Dissertation Abstract




Charles Sanders Peirce,

The Extraordinary Moment, And Musical Affect


Lea, James Taylor



Degree:           D.M.A.

Year:             2001

Pages:            00382

Institution:      University of Illinois at Urbana-Champaign; 0090

Advisor:          Adviser Thomas Turino


Source:           DAI, 62, no. 06A (2001): p. 1978

Standard No:      ISBN:             0-493-27451-0


 C. S. Peirce's theories of semiotics and continuity provide the basis for an answer as to how and why we perceive 'new' things, especially with regard to artistic discourse. By breaking down so-called 'extraordinary' moments into various categories of signs, and by considering the overlapping aspects between categories, one can come to a general understanding of such disparate phenomena as musical affect, the quality of email, and déjà vu. The differences of artistic practice can be fruitfully analyzed using two concepts derived from the semiotic categories, and from the consideration that sign types as previously considered showed little concern for the effects of semiotic development from one type to the next. These concepts—empathy and resistance—therefore form the foundation of an inquiry into the wide range of habits that various artistic activities effect. In light of these phenomena, certain pathologies—iconic substitution, indexical particularism, and symbolic disconnection—can be identified as the result of favoring one type of sign over another, which should typically cause a change in habits. In conclusion, the study of 'extraordinary' moments suggests a view of reality based on the semiotic process and on the ebb and flow of the possible and actual, the blend of which, and the degree of simultaneity between, defines the bounds for cognitive experience.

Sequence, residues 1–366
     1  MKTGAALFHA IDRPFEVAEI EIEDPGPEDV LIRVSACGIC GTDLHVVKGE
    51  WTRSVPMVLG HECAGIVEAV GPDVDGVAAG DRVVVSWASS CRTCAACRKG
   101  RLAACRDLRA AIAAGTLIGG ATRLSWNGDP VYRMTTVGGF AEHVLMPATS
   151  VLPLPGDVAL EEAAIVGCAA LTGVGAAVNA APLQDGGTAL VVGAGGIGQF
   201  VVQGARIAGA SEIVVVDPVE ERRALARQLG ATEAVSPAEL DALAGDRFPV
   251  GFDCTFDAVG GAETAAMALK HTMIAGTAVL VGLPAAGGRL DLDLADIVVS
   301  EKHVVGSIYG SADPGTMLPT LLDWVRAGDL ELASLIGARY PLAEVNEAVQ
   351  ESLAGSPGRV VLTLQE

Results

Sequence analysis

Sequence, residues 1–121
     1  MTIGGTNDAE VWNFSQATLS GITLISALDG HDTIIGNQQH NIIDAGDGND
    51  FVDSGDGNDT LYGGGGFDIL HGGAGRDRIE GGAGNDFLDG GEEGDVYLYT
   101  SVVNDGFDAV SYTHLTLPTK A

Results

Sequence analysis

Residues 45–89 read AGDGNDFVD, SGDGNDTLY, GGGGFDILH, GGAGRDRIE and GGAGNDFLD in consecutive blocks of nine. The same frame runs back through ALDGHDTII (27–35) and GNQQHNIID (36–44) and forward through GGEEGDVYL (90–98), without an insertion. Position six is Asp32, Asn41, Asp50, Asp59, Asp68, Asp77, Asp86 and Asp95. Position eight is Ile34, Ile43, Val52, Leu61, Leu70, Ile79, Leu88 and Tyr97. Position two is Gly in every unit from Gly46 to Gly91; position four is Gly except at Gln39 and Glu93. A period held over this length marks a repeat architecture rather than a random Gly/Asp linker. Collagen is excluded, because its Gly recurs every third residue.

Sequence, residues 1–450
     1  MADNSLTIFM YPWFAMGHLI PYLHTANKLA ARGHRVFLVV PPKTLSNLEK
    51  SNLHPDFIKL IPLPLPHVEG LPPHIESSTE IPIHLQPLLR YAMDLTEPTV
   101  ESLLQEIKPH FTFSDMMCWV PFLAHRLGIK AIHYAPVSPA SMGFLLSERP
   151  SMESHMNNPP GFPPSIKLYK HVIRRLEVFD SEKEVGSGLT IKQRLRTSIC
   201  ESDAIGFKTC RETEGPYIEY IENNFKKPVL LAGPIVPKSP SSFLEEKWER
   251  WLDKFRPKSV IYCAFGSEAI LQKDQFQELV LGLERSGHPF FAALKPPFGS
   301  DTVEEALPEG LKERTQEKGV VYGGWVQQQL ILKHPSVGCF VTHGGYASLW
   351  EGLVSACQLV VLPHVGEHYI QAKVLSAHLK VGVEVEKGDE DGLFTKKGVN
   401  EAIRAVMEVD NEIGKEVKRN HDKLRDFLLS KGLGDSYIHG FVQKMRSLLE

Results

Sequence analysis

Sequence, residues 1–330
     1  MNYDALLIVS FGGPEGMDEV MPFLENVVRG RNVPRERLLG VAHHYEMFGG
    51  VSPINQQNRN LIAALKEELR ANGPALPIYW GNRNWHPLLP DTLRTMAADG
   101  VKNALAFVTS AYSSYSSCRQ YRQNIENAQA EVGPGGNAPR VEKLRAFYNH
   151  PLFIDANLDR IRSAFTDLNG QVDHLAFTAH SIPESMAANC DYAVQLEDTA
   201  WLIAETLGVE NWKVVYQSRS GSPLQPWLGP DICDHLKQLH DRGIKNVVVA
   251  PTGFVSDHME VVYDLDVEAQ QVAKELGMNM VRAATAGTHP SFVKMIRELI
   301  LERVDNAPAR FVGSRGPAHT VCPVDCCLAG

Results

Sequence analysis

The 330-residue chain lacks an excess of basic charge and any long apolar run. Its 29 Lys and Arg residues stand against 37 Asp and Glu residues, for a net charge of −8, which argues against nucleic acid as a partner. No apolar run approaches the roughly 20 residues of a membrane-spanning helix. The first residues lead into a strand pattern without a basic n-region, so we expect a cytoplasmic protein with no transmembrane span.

Descriptor:       MUSIC


Accession No:     AAI3017138

Provider:        OCLC

Database:         Dissertations